Leisure, Lifestyle & Wellness
Pulse Beat

Death Due to Breathing

Some time back, a study showed that pollution in our capital city, Delhi, is killing its citizens, especially children. A similar study done in Bengaluru also showed that the southern city was inhospitable for children below five. The changes and the effect on their bodies carry on to adulthood; and now we know that evolution is primarily environmental and not genetic. Though the Delhi study could be criticised on many counts as not being perfect, the fact remains, even without that study, that these landlocked cities are becoming death holes as they are bursting at their seams with fossil-fuel wastes and other pollutants, like pollen in Bengaluru. Wake up Arvind Kejriwal, do something to save the children of the city which gave you all its votes!

Cancer and Its Environment 

Cancer is a bunch of aimless, jobless, wandering mutated cells that eventually settle down in one organ or place in a human body. They are our own cells and are not demons from the outer world. Why our own cells become our enemies is a million-dollar question. The new theory of evolution gives credence to an old hypothesis about cancer being an environmental insult on our system. Hypoxia, acidic environment and cell necrosis are our enemies vis-à-vis cancer.
Given this background, chemotherapy, radiation and mutilating surgery do not seem to be the logical treatment for cancer. Logically, then, natural good oxygen supply by physiological breathing, avoiding acidic food and making the biggest environment of man, his mind, tranquil would go a long way in a preventing cancer and also in curing it. 

‘Tobacco Does Not Kill’

How on earth does a politician suddenly become a scientist overnight? A member of Parliament (MP) has come out with such startling data from his ‘study and observation’. Initially, in the 1950s, even scientists were not convinced about the link between tobacco and mortality. Doll and Hill at Oxford did painstaking research to connect the two and thousands of lives have been saved from possible tobacco deaths. Even if the MP feels that tobacco and cancer and not related, he cannot deny that smoking will eventually lead to disabling emphysema that the smoker feels s/he is in hell on earth with incapacitating breathlessness.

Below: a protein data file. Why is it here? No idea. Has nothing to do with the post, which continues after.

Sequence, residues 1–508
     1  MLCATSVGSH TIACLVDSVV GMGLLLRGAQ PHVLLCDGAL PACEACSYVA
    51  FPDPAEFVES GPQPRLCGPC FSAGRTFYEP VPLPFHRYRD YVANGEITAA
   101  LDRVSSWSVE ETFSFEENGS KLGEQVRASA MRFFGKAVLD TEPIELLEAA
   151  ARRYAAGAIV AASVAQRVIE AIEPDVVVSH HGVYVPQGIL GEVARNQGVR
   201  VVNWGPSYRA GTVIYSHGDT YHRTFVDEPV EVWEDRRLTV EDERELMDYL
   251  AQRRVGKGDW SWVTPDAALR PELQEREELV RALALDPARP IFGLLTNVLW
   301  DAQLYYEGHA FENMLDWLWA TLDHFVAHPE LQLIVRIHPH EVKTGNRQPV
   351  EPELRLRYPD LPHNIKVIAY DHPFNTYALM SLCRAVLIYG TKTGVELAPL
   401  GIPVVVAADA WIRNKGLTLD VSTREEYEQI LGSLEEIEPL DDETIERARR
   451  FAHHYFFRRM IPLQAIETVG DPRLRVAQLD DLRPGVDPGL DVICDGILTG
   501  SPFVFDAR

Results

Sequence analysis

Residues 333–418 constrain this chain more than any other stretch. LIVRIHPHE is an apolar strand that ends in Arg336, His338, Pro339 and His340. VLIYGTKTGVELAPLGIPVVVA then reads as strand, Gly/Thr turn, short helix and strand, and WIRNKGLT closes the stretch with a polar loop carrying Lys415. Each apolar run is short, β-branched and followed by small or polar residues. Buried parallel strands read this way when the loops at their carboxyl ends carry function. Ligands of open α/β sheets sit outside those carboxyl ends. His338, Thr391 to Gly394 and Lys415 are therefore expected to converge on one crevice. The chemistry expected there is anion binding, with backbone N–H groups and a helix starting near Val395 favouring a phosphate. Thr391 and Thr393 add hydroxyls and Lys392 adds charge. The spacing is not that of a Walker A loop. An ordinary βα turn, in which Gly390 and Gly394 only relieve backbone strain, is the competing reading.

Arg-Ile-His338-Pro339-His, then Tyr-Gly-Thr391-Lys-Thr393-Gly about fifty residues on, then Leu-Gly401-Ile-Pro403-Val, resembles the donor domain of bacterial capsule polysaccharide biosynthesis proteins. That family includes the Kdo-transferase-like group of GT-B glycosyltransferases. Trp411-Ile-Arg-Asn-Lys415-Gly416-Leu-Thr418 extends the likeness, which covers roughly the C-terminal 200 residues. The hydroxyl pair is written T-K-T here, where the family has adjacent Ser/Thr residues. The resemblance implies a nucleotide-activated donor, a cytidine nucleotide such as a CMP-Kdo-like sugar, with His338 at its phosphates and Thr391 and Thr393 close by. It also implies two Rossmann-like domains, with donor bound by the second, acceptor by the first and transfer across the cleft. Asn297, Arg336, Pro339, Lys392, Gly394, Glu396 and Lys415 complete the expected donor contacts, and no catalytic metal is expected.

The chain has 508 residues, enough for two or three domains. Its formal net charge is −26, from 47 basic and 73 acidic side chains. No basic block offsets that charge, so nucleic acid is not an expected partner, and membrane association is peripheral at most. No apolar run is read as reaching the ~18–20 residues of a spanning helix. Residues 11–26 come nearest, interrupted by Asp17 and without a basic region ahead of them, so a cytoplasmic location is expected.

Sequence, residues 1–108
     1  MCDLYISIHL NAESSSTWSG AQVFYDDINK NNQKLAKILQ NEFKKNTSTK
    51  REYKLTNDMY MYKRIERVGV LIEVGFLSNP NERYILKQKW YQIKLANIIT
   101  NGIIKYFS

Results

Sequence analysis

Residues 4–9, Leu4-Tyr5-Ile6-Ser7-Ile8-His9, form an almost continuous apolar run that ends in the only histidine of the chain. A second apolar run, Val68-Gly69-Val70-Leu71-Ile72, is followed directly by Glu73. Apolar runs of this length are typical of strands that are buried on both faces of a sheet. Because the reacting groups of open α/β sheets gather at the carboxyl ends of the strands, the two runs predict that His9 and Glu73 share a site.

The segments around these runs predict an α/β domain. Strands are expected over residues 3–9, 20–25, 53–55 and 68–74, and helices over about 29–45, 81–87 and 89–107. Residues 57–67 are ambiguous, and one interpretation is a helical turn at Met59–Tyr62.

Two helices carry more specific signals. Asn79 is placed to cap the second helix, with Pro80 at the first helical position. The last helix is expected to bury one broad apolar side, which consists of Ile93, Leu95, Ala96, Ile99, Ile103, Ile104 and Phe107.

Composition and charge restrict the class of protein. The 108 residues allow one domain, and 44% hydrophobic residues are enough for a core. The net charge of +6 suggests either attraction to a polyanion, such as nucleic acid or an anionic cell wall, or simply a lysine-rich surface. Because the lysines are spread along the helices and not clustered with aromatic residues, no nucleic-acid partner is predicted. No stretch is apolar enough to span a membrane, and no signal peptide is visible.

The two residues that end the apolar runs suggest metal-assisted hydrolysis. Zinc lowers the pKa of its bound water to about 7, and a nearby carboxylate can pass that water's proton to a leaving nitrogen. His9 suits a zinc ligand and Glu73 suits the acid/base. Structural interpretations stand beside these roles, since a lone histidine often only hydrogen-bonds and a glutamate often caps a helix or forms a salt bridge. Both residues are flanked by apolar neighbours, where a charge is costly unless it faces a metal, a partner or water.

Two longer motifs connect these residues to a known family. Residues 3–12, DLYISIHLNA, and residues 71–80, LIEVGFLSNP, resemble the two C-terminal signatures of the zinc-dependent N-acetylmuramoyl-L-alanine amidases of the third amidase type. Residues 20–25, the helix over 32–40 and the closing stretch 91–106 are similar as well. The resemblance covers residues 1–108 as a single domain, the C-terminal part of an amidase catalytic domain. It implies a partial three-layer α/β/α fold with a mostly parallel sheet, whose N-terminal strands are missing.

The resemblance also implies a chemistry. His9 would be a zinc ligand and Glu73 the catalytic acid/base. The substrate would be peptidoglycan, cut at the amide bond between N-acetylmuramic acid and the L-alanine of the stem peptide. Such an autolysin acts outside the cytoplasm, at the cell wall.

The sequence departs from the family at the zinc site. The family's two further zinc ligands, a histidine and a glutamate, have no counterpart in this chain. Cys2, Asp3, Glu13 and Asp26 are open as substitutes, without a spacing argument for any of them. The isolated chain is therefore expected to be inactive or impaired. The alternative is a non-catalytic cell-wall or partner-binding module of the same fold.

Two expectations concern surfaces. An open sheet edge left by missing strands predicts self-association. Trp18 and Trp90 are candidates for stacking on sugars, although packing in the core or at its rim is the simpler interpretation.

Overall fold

Just a Slogan

‘Prevention is better than cure’ is a good business slogan to net more and more healthy individuals under the drug and intervention umbrella for the health of the disease-care industry. Health promotion is far better than cure and intervention at a late stage. Health promotion is to give the populace good food, clean water, sanitation, education, economic empowerment and female education for the good of the next generation.
When one applies disease statistics to healthy people, up to 25% of them become sick (false positives). That is why less people die in places with fewer doctors per capita and lesser specialists. Doctors going on strike had cut mortality and morbidity significantly in the past, in many countries! Let nature teach us our science and let us not teach our science to nature.


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India Inc. can outsmart Chinese goods: Havells India

The chairman and managing director of the Rs8,000-crore group, which counts Sylvania, Standard and Crabtree in its stable of brands, said at the facility in this Rajasthan town that the threat of unhealthy completion from Chinese electrical goods was no longer relevant